- To be honest, I was a bit surprised at how low Cooks’ YAC was. For a quick WR, you’d expect much more ability after the catch. However, I believe this is a product of Oregon State’s offense. While Brandin Cooks would have led all these draftable WRs in YAC during the 2012 season, Markus Wheaton (then #1 WR) had similarly low YAC. I’ll explain this more in the next section.
How Did they Catch the Ball?
The chart below represents the final break each WR made before catching the ball. The goal isn’t to tell you exactly what routes each WR ran, but the variety of breaks they made as well as how those affected their production. For instance, comebacks typically yield very little YAC (2.5 yards on average) while posts/corner/slants yield high yards after the catch. The chart has factored out screens.
- Here’s where we get into Brandin Cooks’ low YAC. As I noted in the above intro, comebacks nearly always yield 2.5 yards after the catch regardless of receiver while posts/corners/slants bring the highest YAC. 39% of Cooks’ routes were comebacks while only 18% were high YAC yield routes. It seems that the number one WR in the Oregon State offense is destined to get low YAC due to play design.
- Allen Robinson is in the same predicament, except nearly half of his receptions were on routes breaking back to the QB. We can’t necessarily say he would have been incredible at gaining yards after the catch in another system, but when we see that he averaged 14 yards on screens, it’s obvious that he’s not a slow mover.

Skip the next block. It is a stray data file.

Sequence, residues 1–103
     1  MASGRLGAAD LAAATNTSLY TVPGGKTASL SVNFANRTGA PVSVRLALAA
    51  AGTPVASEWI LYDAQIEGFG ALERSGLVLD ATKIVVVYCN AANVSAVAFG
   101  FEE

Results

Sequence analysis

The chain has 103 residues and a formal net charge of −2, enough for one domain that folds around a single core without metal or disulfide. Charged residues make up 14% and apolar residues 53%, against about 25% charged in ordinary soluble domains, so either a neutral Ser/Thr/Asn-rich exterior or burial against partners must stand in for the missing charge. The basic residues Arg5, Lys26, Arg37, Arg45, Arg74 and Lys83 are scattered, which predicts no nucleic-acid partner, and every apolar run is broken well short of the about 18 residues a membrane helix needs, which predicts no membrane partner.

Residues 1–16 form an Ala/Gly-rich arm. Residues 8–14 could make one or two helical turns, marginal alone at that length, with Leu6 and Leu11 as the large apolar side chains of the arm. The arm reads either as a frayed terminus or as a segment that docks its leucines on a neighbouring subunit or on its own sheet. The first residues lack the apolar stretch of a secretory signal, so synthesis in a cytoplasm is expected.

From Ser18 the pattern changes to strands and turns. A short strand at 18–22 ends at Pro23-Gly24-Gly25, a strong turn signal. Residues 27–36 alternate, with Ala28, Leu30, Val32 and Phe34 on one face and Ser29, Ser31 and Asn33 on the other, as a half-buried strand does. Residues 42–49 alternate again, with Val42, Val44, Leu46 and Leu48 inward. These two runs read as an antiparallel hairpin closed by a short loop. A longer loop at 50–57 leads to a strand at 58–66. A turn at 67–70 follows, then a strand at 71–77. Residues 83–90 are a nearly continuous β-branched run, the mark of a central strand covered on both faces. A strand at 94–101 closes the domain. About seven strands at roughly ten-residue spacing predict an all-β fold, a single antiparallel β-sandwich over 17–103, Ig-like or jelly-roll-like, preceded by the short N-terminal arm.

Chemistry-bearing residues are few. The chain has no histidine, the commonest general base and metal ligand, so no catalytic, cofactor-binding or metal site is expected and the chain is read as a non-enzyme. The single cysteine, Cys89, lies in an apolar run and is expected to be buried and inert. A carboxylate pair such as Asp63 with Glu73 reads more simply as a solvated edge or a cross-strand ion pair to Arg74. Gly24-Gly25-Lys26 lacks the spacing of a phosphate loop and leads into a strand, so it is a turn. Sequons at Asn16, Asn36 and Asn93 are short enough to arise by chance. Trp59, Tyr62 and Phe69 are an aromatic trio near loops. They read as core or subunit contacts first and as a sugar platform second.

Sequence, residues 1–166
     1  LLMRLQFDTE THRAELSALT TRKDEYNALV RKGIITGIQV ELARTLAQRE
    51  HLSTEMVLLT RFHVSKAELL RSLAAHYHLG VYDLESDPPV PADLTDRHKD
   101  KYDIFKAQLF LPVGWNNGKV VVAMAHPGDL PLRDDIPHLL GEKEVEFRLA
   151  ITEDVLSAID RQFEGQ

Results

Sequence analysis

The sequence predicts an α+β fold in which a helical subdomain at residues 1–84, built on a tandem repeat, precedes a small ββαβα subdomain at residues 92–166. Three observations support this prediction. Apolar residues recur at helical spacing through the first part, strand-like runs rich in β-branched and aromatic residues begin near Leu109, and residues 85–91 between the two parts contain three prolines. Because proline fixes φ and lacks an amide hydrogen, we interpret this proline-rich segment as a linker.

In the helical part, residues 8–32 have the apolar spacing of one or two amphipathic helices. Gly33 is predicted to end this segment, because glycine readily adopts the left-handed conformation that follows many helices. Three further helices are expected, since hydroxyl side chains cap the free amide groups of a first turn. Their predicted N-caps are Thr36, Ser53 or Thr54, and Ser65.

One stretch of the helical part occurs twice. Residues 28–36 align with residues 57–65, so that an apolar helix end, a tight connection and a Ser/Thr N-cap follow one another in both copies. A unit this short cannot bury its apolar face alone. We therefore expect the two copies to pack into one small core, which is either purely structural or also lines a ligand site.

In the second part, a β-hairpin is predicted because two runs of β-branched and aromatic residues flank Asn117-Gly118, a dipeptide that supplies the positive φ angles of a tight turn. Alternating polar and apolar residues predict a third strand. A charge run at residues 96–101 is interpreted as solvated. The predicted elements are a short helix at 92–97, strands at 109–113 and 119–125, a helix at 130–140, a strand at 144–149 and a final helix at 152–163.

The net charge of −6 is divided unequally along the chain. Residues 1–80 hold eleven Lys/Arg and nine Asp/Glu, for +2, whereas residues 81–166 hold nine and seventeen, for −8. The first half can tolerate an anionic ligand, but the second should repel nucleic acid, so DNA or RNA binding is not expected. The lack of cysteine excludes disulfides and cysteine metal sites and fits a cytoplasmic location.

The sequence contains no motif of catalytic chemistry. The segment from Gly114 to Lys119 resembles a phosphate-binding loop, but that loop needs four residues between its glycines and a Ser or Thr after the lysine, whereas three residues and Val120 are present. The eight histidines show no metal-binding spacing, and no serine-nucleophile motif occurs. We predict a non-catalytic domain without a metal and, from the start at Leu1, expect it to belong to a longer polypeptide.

- It’s much harder to explain away Jordan Matthews’ poor YAC than Cooks or Robinson. 45% of his non-screen receptions were high YAC producing slants/posts/corners, so why did he barely average 4.6 yards after the catch? It’s tough to say, but that’s when you have to start wondering if his run after the catch ability is a product of the Vanderbilt system.
- If we want to advance a pretty strong narrative we can put Jarvis Landry in the ‘possession receiver’ bucket where 36% of his receptions were on hard breaking in/out routes and another 33% were on slants and posts/corners. He does have a wide range of route running experience which is really a positive.
- Odell Beckham, like Landry, has a wide variety of route running experience (and runs those routes well) which should translate nicely to the NFL.
How Are Their Hands?
Here are the drop rates for each of the WRs. I defined drops as balls that were easy receptions and likely bounced off the hands of a WR, not passes that a WR ‘could have caught’ with an acrobatic play.
- There’s not a whole lot of bad to see in this group. Anything below 6 or 7% is just about normal for NCAA wide receivers.
- The biggest player to watch out for here is Jordan Matthews who has a slightly above-average drop rate of 7.69%. There were a few 50/50 drops that I hedged on Matthews’ side for. He could realistically be anywhere between 7-11%. If you’re watching Matthews intently, keep an eye on his hands.
- I only have 2 dropped balls for Landry all season, that’s incredible.
So much of a WR’s numbers depend on the quarterback, so we can’t always use stats as effectively as we do for other positions. However, that doesn’t mean there isn’t value in them. Whether you use them to identify problems with a prospect’s hands or examine a WR’s YAC in depth, there is merit if you understand their potential and limitations. That’s all I have for now. I’ll answer any questions and tweet out additional info I have on Twitter @NU_Gap. Thanks for reading.